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Anyone who’s ever renovated an older home wouldn’t be surprised to find bits of the past – various clutter tucked away in walls or underneath floors, for example. But a 2019 renovation in North Yorkshire, England, resulted in the discovery of a veritable mother lode of gold coins from the 17th and 18th centuries. The hoard was discovered below the kitchen floorboards and has been described as one of the largest finds of gold coins ever uncovered in Britain. More than 260 coins dating from 1610 to 1727 were found in a salt-glazed earthenware cup. An auction is planned for next month, with the treasure expected to be worth as much as $290,000 (£250,000).
One hell of a piggy bank:
- Historians say the coins “almost certainly” belonged to Joseph and Sarah Maisters, who married in 1694. The Maisters were an influential mercantile family who traded iron ore, timber, and coal from the Baltic states.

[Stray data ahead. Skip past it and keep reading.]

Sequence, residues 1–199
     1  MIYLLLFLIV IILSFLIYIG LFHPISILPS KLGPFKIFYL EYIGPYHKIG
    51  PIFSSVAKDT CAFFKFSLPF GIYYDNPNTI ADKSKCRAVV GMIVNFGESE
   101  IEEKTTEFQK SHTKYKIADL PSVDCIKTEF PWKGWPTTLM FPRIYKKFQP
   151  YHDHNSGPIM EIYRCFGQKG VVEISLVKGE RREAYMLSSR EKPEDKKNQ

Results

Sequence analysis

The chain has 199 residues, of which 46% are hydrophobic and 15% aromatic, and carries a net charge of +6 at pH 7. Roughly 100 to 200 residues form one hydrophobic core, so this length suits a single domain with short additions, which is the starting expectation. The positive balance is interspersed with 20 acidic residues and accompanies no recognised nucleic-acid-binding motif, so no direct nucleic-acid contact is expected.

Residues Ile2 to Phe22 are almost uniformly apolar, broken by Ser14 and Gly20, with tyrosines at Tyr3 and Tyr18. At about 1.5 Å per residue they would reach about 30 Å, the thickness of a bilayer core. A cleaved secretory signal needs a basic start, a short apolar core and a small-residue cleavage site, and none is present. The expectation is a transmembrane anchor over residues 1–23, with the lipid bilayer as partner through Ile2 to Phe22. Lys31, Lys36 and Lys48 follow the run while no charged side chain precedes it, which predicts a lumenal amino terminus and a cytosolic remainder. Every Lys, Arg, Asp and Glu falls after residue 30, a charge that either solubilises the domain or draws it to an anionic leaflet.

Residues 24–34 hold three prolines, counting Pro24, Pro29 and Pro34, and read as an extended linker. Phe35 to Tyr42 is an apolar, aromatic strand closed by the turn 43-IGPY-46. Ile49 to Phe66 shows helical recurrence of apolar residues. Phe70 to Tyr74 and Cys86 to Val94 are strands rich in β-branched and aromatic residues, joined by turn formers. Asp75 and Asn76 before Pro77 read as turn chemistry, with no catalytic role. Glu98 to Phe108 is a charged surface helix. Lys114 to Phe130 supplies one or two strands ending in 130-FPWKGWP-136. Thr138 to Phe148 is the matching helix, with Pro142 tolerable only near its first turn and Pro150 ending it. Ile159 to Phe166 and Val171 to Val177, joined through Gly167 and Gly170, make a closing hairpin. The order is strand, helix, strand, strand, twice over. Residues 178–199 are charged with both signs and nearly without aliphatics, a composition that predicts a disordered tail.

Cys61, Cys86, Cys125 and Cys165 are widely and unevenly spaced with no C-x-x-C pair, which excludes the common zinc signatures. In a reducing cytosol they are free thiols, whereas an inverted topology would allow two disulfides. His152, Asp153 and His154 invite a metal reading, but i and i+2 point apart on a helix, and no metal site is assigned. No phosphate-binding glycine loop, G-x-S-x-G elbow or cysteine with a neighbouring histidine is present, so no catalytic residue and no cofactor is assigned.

- Coin expert Gregory Edmund from London auctioneers Spink & Son said that “Joseph and Sarah clearly distrusted the newly formed Bank of England,” and the concept of banknotes, and instead chose to keep a hoard of valuable coins dating back to the English Civil War.
- "Why they never recovered the coins when they were really easy to find just beneath original 18th-century floorboards is an even bigger mystery,” Edmund said, “but it is one hell of a piggy bank."